09-11-2009, 12:48 PM
I decided a while ago that making it perfect isnt important. So if I make a mistake I just won't tell anyone:teehee: and then pretend it's perfect :D

MAmaDawn
09-11-2009, 01:28 PM
The little mistakes is what makes it worth so much... seriously a hand made Persian rug is worth more than one machine made right? Do you know how they tell that it's hand made? They look for flaws, a spot that is red that really should be yellow or some other small thing. This is how I now see my small flaws in my knitting. Now if I'm off by a repeat and it's REALLY noticeable or if it's going to effect the piece later then I try and fix it. But like someone else said, if I cast on too many stitches I'll k2tog at the beginning rather than recast on. Or if I miss a yo, all add it later even though it's not quite the same size as if I tinked it...

The gauge being off happens and it happens to everyone I think.

The different pattern appearance could be from using different yarn or even a different color. Like a darker color won't show a pattern as well as the same yarn in a lighter color.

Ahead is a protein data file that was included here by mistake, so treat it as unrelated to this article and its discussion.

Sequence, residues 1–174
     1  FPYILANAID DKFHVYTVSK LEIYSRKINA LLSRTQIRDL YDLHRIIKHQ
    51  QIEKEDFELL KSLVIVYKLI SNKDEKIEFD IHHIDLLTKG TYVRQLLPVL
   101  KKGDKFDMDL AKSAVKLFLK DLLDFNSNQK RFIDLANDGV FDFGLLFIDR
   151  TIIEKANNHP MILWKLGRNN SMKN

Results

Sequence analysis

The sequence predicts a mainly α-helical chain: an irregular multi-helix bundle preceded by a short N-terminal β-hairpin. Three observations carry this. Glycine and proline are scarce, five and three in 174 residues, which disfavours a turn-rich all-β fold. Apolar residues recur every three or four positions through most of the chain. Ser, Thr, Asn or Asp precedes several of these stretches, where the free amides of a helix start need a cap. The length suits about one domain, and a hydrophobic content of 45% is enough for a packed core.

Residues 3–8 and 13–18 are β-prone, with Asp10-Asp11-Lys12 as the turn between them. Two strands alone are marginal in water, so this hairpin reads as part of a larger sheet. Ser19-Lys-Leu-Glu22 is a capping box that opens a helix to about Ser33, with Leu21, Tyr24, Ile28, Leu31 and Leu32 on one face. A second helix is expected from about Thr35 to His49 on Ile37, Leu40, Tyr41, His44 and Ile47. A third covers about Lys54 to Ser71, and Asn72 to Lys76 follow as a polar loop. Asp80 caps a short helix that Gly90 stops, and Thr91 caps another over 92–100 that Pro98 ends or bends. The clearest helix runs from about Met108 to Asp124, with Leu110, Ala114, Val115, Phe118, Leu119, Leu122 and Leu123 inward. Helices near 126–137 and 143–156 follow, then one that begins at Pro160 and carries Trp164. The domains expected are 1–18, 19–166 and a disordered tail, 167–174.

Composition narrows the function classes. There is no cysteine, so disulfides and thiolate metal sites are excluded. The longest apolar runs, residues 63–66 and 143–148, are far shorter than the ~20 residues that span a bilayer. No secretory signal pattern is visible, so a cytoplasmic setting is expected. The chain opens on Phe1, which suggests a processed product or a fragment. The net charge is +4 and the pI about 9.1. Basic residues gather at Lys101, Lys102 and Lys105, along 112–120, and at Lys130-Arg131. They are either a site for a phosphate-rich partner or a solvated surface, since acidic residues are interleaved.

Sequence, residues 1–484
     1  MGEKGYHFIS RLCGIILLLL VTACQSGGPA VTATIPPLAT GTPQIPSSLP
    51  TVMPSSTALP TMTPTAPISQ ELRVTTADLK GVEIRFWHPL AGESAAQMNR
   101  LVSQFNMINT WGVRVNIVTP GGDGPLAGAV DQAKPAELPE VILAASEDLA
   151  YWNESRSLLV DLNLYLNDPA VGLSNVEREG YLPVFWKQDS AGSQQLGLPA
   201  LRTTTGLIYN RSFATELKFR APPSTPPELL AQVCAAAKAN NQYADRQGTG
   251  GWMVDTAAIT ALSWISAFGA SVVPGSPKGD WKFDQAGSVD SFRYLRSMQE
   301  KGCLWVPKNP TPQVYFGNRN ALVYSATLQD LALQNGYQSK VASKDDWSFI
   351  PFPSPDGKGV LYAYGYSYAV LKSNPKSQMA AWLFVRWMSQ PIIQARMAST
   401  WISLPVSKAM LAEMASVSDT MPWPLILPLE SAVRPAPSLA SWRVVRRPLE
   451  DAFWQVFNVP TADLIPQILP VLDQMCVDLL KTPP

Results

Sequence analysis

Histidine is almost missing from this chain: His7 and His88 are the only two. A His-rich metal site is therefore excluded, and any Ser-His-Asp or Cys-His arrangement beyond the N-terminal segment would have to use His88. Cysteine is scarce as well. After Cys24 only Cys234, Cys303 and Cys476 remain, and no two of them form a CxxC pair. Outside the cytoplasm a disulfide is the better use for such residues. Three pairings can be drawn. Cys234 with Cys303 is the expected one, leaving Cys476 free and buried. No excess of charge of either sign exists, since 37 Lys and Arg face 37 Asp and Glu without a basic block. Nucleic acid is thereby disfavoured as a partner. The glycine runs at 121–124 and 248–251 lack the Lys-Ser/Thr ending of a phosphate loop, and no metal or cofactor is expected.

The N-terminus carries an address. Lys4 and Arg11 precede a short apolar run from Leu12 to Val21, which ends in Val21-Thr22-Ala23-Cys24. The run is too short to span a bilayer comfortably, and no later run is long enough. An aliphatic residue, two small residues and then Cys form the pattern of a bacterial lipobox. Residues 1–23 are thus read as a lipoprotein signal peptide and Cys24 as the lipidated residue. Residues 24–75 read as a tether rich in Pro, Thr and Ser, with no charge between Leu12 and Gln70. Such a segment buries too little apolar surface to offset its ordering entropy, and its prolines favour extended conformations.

If it's really frustrating you posting pictures of your work and links to the patterns might make it so the wonderful ladies on here can maybe see if there's something that you are doing properly (like knitting into the back loop, not saying you are doing that, but that would cause problems)

But the biggest think I can say is keep at it. You will get to where you know how a sock is constructed and know when it's off and same thing with a sweater or shawl or anything else after you've done it a few time.

I think the most important thing to ask yourself is are you enjoying the time you are spending knitting? If so then let the mistakes be a way to learn more about knitting.

And we all understand your vent!

saracidaltendencies
09-11-2009, 02:04 PM
I have the same problem! When I look at the things members here have posted it all looks so great and I end up thinking my stuff looks quite amateur though I've been knitting for close to 4 years now...I know, however, it's just me...Sometimes I just have to make it a point to not look at my projects for a while so I can forget where little mistakes or flaws are...lol...usually that helps and I realize it doesn't look as bad as I originally thought it did! My seaming though...ugh...I always think it looks terrible no matter how much time passes! Needless to say, I prefer knitting in the round...lol

MsBehavin
09-22-2009, 01:54 PM
Very interesting!! :wink: They all do such beautiful work!! That I have noticed.

The Amish intentionally put a mistake in every quilt because they believe that only God is perfect.